Our 2021 Road Trip #12: Corn Again in the Kingdom of Cob

jazz hands corn!

Photo taken on my phone by some strangers. In exchange, Anne agreed to take pics of the next fifteen or twenty strangers with their respective devices.

Your typical, most famous tourist attractions tend to be singular experiences. You make the trip, you see it the one time, you Instagram it with a trite affirmation tacked on, and you’ve seen all you need to see of it for the rest of your life. The Empire State Building doesn’t add all-new stories on top with all-new features. The Statue of Liberty doesn’t entice repeat customers by changing into different dresses like the World’s Largest Barbie. Mount Rushmore doesn’t rotate the Presidents’ heads and cycle through all 45 of them, because the logistics would require science fiction tech and sooner or later you’d end up with a non-star lineup of Van Buren, Harrison #1, Tyler, and Polk, and attendance would plummet, like that one year the Best Picture Oscar nominees were four art films and a three-hour Brad Pitt nap.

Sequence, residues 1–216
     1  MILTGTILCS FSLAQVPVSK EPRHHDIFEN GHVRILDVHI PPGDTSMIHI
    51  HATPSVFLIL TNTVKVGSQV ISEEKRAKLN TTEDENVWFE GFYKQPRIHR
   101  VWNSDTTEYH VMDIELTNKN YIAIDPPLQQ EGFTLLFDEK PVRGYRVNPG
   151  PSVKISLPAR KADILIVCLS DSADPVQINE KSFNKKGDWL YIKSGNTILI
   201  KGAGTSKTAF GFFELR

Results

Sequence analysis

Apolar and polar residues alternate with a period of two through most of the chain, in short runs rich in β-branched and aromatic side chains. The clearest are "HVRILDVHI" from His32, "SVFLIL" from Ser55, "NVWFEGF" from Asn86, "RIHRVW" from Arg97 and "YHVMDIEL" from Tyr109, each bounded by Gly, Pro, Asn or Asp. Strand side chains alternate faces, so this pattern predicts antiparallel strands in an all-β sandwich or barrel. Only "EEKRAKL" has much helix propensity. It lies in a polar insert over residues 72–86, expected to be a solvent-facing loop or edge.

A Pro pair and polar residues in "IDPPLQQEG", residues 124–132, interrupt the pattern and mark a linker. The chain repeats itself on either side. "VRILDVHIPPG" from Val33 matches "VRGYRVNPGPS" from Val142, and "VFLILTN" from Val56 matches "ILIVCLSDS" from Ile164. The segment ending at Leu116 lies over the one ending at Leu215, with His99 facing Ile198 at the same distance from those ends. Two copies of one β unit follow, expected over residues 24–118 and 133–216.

Some attractions benefit from forward-looking designers who realize flexibility is a virtue and construct their dream edifice using a medium that lends itself to creative renewal. Such was absolutely the case for our next stop, a sight both familiar and revamped.

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Our 2009 Road Trip, Part 7: The New Cornographers

Mitchell Corn Palace!

Anne outside the Mitchell Corn Palace. Thankfully there was no danger of the walls popping at us.

The day before, we had visited the overlord of canned vegetables in Blue Earth, MN. 200 miles later, we found a place that concentrated on just one veggie in particular. Other foodstuffs didn’t play large parts, but they had one heck of a corn section.

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